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Former Righthaven CEO Secretly Hires Lawyers For The Company He No Longer Has Anything To Do With

from the that's-not-right dept

We’d pretty much thought that the Righthaven saga was over. After all, the company had gone into receivership back in December, and the court-appointed receiver had been auctioning off what little assets the company had in an attempt to satisfy all of the court-ordered attorneys’ fees that Righthaven owed to the lawyers of some of the many defendants that Righthaven sued for copyright infringement on a repeatedly-rejected legal theory. At the same time, the CEO/founder of Righthaven, Steve Gibson had stopped showing up in court, had taken another job, and was being investigated by the Nevada State Bar.

As far as the court-appointed receiver, Lara Pearson, knew, Gibson and his wife Raisha “Drizzle” Gibson (who had been “COO” of Righthaven) no longer had anything to do with the company.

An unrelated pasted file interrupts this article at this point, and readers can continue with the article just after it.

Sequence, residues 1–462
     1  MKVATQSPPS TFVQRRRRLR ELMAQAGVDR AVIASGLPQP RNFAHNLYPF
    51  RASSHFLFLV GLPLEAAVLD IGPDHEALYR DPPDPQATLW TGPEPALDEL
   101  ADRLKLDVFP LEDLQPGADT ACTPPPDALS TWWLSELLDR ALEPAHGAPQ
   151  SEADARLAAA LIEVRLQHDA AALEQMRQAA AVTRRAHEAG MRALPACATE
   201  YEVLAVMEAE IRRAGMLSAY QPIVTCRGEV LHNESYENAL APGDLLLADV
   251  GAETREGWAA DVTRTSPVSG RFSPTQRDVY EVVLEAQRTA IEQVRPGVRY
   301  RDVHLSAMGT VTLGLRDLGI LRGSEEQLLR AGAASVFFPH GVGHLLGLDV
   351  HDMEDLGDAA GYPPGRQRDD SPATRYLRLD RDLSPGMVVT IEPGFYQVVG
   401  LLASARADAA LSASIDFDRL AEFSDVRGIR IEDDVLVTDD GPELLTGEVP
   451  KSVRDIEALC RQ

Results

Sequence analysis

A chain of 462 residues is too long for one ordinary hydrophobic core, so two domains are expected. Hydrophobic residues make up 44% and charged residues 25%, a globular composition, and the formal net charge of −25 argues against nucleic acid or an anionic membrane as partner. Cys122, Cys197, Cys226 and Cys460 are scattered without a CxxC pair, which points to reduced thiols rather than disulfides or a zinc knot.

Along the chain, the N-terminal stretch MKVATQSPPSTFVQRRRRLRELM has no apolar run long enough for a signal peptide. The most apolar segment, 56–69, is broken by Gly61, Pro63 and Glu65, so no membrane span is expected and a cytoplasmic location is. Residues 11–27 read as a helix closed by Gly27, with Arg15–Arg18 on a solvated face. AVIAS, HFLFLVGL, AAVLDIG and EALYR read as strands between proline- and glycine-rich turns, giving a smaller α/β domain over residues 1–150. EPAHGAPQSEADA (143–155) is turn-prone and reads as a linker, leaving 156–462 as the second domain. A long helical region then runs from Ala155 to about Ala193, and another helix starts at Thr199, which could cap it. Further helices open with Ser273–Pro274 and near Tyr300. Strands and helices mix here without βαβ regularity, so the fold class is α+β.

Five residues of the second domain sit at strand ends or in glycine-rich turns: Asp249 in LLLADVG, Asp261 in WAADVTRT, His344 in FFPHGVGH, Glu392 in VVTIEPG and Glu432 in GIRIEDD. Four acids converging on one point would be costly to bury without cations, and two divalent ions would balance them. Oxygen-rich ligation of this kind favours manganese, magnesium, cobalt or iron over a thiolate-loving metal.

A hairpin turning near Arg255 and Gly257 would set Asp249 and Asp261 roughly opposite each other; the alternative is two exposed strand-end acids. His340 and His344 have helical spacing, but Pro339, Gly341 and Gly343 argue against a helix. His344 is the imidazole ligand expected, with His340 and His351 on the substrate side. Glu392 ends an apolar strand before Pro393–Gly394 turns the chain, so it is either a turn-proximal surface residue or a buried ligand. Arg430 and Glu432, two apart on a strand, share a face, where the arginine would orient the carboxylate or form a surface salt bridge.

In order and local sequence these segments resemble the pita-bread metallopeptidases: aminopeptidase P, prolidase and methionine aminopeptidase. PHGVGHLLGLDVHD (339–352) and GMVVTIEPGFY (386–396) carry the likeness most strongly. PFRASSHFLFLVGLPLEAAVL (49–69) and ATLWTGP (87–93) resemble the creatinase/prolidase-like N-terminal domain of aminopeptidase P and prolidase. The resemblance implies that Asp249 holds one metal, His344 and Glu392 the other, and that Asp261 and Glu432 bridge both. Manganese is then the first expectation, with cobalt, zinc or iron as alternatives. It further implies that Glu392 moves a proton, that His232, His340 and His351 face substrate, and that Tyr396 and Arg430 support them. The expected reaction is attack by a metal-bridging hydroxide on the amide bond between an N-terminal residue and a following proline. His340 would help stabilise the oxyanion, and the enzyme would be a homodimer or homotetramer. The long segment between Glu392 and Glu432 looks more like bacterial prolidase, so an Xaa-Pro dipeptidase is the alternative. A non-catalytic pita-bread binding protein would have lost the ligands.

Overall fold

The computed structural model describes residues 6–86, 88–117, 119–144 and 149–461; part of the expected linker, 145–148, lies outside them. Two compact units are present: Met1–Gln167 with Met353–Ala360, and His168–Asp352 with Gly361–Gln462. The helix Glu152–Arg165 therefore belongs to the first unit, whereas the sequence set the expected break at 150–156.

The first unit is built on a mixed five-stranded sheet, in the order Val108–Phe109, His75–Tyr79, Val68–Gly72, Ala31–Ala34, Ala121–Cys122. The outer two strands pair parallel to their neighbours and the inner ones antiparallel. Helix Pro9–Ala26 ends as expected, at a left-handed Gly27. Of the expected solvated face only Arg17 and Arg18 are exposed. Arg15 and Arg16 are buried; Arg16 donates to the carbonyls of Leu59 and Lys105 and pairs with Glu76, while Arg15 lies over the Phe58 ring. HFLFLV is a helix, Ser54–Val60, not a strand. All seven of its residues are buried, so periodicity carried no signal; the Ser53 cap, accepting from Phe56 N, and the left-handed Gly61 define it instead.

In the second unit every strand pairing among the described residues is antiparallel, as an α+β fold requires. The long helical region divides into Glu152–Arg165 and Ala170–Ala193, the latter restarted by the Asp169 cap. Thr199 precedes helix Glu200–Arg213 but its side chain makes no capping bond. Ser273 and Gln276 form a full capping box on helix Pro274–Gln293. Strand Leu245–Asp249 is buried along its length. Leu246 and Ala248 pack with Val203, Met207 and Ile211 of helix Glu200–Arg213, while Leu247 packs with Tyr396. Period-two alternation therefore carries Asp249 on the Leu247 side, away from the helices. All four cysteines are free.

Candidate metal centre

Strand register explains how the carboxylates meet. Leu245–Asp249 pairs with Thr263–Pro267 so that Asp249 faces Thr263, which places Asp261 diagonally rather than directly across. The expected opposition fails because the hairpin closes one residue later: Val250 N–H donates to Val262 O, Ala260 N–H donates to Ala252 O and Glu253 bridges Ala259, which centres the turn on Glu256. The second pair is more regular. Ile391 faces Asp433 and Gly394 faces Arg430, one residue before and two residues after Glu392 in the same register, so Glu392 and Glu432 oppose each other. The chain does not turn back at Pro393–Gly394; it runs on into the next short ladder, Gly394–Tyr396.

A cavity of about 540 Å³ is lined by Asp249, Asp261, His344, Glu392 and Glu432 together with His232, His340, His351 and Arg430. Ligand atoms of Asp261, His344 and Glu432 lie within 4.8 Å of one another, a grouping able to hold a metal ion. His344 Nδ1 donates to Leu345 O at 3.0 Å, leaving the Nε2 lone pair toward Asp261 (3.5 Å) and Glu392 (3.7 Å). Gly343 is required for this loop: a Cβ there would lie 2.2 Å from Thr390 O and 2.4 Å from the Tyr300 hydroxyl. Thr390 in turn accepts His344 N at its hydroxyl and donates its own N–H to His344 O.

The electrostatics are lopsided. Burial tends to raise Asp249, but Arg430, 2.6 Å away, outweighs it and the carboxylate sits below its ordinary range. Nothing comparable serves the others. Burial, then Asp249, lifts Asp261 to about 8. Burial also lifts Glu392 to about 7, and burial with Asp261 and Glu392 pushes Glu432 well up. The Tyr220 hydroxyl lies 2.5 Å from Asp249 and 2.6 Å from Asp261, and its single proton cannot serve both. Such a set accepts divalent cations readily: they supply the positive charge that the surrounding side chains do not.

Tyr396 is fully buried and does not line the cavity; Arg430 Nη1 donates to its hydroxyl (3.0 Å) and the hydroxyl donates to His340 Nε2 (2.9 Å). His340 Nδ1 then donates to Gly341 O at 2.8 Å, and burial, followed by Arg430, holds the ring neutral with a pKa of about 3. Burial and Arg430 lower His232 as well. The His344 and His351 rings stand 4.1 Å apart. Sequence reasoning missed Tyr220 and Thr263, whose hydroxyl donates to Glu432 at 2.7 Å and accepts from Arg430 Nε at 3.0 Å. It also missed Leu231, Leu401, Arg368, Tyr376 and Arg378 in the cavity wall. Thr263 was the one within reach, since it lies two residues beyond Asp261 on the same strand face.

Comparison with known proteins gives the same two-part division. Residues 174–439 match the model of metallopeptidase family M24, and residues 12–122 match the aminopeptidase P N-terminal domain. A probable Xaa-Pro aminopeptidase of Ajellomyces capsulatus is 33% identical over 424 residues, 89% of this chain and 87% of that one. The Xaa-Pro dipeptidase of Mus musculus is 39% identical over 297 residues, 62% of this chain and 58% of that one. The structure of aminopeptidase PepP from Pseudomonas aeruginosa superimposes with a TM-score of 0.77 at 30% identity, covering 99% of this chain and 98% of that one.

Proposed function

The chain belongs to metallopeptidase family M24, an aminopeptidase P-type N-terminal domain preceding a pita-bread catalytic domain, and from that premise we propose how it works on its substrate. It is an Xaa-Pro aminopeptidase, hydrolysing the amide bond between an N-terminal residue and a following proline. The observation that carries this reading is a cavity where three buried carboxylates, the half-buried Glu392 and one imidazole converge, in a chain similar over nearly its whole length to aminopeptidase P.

And then… she discovered that Gibson had somehow secured another law firm to supposedly represent “Righthaven” in its appeal of the Hoehn case (the first of the big losses that resulted in attorneys’ fees being owed). That firm apparently tried to file some documents in the appeal six months late. This was quite a surprise, and Pearson reacted, as she should, by sending notices to both Gibsons, to the law firm that they employed and to the court explaining why this was ridiculous. In the letters, you can tell that Pearson is quite reasonably angry with the Gibsons, whom she reminds no longer have control over the firm, and makes it explicit to them that they were fired back in December. On top of that, she explains her intent to take legal action against the Gibsons for legal malpractice: